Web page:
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Confusion in Otay Mesa

. Have you ever been punished for something you didn’t do, or because of a misunderstanding? It happened to me once when I was five. I wasn’t punished because I did something wrong, or because I was involved with anything mischievous. I was disciplined (if you could call it that), because of a misinter- pretation of my integrity.

. It was a humid summer afternoon in my little (or at least used to be), home-neighborhood of Oaty Mesa, California in the year of 1999. My grandmother, my mother, and I were sitting in my grandma’s kitchen. It was the time of summer when the grapes were just turning ripe, about a week into the month of August, and when my neighbors sweet oranges were freshly picked by me and my little brother and put in my grandmother’s ancient pale yellowish-white refrigerator, the kind from the 1960’s with no freezer, and I had just turned five.

. My grandpa was out back digging a little trench for the “new” sprinkler system he had just bought from a friend of his. My dog, Max, a purebred German Shepard that my mom had bought for me from a kennel in Michigan for my birthday, was outside playing with a bone left over from the dinner of steak and beans the night before. “Maybe you should go outback and help your grandpa, he must be hot in this weather, take him this,” my mother said as she handed me a big glass of water and ice, “tell him dinner will be ready in about an hour,” she said to me as I walked out the back door.

. “Here grandpa, mom said this is for you, and that dinner should be ready in about an hour,” I said as I handed him his water. “Thanks,” he replied as he downed the water in about four giant gulps. I went to play with my puppy, when my little brother came around the corner holding a shovel, no doubt from my grandfather’s tool shed. “Hey Cwish!,” he said to me. He was only three, so I couldn’t really get mad at him for his grammar, though my family teased me by calling me “Cwish”, and that annoyed me. “I’m gonna go halp gwampa,” he said as he turned to walk away, but as he turned, the shovel hit he just above the right eyebrow. I started crying because it hurt, and he started crying because he had hurt me.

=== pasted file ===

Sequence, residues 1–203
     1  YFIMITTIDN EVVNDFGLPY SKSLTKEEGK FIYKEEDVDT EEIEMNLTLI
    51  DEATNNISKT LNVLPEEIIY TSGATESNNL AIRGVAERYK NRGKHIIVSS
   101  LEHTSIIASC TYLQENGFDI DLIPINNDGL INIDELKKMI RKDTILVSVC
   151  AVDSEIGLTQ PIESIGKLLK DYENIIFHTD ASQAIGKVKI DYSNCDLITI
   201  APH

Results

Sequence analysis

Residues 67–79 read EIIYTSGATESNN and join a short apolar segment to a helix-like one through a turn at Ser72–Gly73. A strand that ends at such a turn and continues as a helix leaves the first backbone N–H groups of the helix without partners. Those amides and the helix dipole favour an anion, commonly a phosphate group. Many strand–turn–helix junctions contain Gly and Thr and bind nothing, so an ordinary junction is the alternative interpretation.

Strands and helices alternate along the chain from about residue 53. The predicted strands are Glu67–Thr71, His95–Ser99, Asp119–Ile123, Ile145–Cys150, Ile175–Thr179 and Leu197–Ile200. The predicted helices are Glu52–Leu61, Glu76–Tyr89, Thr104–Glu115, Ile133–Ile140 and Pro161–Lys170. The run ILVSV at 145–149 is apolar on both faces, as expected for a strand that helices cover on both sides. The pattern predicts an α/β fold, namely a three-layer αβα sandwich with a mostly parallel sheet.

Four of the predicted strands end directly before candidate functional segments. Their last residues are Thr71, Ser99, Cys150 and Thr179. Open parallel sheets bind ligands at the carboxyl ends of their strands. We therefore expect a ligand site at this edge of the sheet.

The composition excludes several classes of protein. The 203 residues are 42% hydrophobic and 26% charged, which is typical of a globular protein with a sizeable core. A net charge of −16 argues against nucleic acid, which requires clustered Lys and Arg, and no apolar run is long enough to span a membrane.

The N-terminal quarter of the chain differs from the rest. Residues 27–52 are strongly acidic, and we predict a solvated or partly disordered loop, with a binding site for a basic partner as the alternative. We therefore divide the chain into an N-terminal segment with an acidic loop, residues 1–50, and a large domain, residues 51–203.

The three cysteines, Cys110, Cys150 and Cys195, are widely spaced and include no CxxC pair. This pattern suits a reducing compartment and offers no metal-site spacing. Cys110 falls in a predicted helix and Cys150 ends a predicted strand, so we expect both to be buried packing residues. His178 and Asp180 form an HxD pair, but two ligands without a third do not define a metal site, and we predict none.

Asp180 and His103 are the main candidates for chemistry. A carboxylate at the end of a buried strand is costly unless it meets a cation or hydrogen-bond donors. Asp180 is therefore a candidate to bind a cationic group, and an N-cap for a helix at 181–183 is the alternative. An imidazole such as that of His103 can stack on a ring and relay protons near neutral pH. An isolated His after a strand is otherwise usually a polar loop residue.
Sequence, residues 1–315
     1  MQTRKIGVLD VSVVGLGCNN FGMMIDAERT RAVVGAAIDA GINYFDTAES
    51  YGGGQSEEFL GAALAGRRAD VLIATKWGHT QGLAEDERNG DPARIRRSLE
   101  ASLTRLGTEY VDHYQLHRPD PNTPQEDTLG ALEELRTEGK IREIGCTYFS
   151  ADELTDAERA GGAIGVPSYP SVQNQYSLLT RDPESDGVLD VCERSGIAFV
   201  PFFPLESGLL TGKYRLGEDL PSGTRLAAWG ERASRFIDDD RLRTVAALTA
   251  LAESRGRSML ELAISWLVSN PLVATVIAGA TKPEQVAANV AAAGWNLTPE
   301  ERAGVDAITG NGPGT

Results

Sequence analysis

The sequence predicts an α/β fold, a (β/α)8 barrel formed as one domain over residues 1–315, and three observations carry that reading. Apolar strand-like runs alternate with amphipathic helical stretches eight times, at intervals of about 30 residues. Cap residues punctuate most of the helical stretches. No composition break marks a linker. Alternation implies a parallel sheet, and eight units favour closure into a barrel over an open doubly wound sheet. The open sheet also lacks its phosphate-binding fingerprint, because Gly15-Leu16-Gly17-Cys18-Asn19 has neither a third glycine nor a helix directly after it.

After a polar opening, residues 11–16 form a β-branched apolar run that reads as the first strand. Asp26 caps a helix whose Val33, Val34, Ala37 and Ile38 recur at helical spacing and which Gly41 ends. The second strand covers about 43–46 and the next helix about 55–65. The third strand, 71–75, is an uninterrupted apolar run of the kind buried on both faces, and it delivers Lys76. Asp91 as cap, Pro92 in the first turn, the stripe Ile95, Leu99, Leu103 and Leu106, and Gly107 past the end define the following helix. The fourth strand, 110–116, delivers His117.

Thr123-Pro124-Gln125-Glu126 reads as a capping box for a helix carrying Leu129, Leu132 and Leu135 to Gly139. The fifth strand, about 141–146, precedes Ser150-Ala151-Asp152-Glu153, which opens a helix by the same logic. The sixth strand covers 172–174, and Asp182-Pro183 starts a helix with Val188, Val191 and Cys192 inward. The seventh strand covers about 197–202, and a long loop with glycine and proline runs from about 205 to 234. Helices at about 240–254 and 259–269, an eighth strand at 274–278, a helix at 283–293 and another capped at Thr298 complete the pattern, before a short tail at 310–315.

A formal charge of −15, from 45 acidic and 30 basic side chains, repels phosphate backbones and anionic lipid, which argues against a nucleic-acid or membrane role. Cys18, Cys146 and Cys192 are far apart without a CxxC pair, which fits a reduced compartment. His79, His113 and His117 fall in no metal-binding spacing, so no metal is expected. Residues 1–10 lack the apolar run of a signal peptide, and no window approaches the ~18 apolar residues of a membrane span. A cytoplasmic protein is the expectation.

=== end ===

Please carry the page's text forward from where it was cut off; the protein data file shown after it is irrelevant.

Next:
. My grandfather came running to see why we were crying, and he slapped my hand, because he thought I had hurt him because he was crying. “What happened?!,” cried my grandfather as I looked up. He had a look on his face that said “someone’s in t rouble.” I lightly touched the spot on my head that hurt, then looked at my blood-covered hand. He turned around and told my little brother something I don’t remember (or can’t write in this blog, rather), then started spanking him. It wasn’t until later that I could explain to him that it was just an accident, but to make up for it, he took us out for ice cream.

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“Wind” Storm

. Have you ever been punished for something you didn’t do, or because of a misunderstanding? It happened to me once when I was five. I wasn’t punished because I did something wrong, or because I was involved with anything mischievous. I was disciplined (if you could call it that), because of a misinter- pretation of my integrity.

. It was a humid summer afternoon in my little (or at least used to be), home-neighborhood of Oaty Mesa, California in the year of 1999. My grandmother, my mother, and I were sitting in my grandma’s kitchen. It was the time of summer when the grapes were just turning ripe, about a week into the month of August, and when my neighbors sweet oranges were freshly picked by me and my little brother and put in my grandmother’s ancient pale yellowish-white refrigerator, the kind from the 1960’s with no freezer, and I had just turned five.

. My grandpa was out back digging a little trench for the “new” sprinkler system he had just bought from a friend of his. My dog, Max, a purebred German Shepard that my mom had bought for me from a kennel in Michigan for my birthday, was outside playing with a bone left over from the dinner of steak and beans the night before. “Maybe you should go outback and help your grandpa, he must be hot in this weather, take him this,” my mother said as she handed me a big glass of water and ice, “tell him dinner will be ready in about an hour,” she said to me as I walked out the back door.

. “Here grandpa, mom said this is for you, and that dinner should be ready in about an hour,” I said as I handed him his water. “Thanks,” he replied as he downed the water in about four giant gulps. I went to play with my puppy, when my little brother came around the corner holding a shovel, no doubt from my grandfather’s tool shed. “Hey Cwish!,” he said to me. He was only three, so I couldn’t really get mad at him for his grammar, though my family teased me by calling me “Cwish”, and that annoyed me. “I’m gonna go halp gwampa,” he said as he turned to walk away, but as he turned, the shovel hit he just above the right eyebrow. I started crying because it hurt, and he started crying because he had hurt me.

. My grandfather came running to see why we were crying, and he slapped my hand, because he thought I had hurt him because he was crying. “What happened?!,” cried my grandfather as I looked up. He had a look on his face that said “someone’s in t rouble.” I lightly touched the spot on my head that hurt, then looked at my blood-covered hand. He turned around and told my little brother something I don’t remember (or can’t write in this blog, rather), then started spanking him. It wasn’t until later that I could explain to him that it was just an accident, but to make up for it, he took us out for ice cream.

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